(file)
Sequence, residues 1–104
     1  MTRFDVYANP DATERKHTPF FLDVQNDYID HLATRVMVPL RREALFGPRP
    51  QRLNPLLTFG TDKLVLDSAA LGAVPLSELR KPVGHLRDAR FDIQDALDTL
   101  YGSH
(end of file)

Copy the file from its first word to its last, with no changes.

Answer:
Sequence, residues 1–104
     1  MTRFDVYANP DATERKHTPF FLDVQNDYID HLATRVMVPL RREALFGPRP
    51  QRLNPLLTFG TDKLVLDSAA LGAVPLSELR KPVGHLRDAR FDIQDALDTL
   101  YGSH